4. Appellant has failed to preserve enumerations of error 7, 8, 9, and 10 for appellate review. In his appellate brief, appellant merely repeats verbatim enumerations of error 7 through 10 without advancing any legal argument or presenting any citations of legal authority in support thereof. " 'Grounds of error not covered by the brief or the argument of counsel . . . will be treated as abandoned. . . . Courts of review have the right to expect assistance from counsel by citation of authority or argument, and will be apt to accept the inference that the lack of interest by counsel is due to a conviction of the lack of merit.' " Redwing Carriers v. Knight, 143 Ga. App. 668
, 676 (11) (239 SE2d 686
). Enumerations of error 7, 8, 9 and 10 have been abandoned. Court of Appeals Rule 27 (c) (2); see Haskins v. Jones, 142 Ga. App. 153 (1) (235 SE2d 630)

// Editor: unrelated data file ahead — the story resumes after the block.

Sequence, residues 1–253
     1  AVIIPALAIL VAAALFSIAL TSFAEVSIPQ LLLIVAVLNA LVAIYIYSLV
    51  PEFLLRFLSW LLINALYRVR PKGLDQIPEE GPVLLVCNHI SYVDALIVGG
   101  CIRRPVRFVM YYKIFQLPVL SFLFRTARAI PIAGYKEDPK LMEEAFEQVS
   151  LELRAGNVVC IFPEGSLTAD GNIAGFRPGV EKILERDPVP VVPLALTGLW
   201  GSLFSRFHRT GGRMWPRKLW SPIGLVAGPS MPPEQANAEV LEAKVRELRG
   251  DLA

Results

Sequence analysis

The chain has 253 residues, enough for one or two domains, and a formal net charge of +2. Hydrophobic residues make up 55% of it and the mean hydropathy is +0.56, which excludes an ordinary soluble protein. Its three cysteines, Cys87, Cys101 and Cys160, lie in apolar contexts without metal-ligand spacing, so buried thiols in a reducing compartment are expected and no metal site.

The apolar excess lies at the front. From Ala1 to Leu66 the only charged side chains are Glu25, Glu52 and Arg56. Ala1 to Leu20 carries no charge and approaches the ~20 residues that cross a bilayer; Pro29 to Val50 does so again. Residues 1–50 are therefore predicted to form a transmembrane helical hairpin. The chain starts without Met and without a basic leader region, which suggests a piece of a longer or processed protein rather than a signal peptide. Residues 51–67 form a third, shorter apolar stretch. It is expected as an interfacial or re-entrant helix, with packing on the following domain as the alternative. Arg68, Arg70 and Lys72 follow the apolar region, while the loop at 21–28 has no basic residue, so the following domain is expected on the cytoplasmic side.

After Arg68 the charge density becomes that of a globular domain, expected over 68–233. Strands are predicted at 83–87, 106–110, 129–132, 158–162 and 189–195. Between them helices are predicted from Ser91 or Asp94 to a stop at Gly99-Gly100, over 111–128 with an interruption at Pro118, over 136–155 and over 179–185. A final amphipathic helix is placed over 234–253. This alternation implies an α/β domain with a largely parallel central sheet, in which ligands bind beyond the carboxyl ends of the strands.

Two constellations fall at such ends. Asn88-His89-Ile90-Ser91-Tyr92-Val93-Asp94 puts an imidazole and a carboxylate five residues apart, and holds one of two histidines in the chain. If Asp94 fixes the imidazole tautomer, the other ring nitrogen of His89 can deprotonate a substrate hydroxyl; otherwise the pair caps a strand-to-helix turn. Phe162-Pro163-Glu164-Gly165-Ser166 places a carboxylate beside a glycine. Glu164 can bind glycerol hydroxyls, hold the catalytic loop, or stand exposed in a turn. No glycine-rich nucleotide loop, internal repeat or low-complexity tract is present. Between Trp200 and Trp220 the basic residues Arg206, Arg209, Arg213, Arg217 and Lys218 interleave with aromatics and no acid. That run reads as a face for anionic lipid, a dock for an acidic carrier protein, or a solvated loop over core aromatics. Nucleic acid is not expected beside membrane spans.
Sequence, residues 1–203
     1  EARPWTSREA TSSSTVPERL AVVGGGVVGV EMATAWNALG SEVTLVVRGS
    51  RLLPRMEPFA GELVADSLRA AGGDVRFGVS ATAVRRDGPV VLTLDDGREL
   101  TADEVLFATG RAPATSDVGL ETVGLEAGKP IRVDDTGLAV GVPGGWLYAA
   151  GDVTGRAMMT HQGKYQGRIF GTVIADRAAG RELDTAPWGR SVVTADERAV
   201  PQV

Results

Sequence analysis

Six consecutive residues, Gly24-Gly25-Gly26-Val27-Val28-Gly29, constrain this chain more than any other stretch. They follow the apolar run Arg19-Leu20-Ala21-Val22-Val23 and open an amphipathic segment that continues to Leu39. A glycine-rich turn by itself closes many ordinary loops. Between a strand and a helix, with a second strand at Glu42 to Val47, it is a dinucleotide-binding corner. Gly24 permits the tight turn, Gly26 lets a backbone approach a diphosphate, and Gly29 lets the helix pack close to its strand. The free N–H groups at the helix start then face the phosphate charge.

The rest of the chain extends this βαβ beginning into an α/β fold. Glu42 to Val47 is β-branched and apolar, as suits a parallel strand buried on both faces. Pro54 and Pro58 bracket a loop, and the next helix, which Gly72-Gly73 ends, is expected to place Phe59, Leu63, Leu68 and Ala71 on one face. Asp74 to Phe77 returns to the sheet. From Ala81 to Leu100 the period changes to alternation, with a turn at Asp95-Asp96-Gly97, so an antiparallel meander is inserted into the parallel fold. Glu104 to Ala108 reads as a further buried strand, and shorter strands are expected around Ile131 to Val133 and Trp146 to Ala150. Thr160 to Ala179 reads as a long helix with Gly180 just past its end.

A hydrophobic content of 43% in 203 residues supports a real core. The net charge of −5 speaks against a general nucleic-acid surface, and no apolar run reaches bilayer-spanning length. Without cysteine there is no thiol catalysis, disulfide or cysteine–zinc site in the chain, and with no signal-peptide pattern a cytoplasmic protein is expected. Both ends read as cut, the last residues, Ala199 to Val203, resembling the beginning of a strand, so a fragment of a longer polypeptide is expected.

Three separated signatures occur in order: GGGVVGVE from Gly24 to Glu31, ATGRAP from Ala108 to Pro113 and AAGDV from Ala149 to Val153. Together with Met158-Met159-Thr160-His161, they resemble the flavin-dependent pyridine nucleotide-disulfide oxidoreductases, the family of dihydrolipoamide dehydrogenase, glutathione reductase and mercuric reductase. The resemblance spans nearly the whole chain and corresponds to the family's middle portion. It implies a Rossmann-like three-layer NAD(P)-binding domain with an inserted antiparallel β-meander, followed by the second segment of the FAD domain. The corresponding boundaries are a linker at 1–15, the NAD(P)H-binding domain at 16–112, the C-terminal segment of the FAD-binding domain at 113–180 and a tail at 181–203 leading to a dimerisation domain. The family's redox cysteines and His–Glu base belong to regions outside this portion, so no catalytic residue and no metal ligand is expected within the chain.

. Moreover, in the interest of judicial economy we note that as to appellant's claim in enumeration of error 7, unless time is averred as an essential element of the offense charged, the time of commission of the offense alleged in the indictment is immaterial. However, to sustain a conviction, there must be proof to establish that the offense occurred prior to the return of the indictment and within the statute of limitation. Compare Jefferson v. State, 136 Ga. App. 63
, 66 (5) (220 SE2d 71
) with Bloodworth v. State, 128 Ga. App. 657 (1) (197 SE2d 423)
5. On appeal the evidence must be viewed in the light most favorable to support the verdict, and appellant no longer enjoys a presumption of innocence; moreover, an appellate court determines evidence sufficiency and does not weigh the evidence or determine witness credibility. Grant v. State, 195 Ga. App. 463 (1) (393 SE2d 737)
. Review of the transcript reveals ample evidence from which any rational trier of fact could have found beyond a reasonable doubt that appellant was guilty of the offenses of which he was found guilty Jackson v. Virginia, 443 U. S. 307 (99 SC 2781, 61 LE2d 560).
Stephen E. Lanier, District Attorney, Lisa W. Pettit, Assistant District Attorney, for appellee.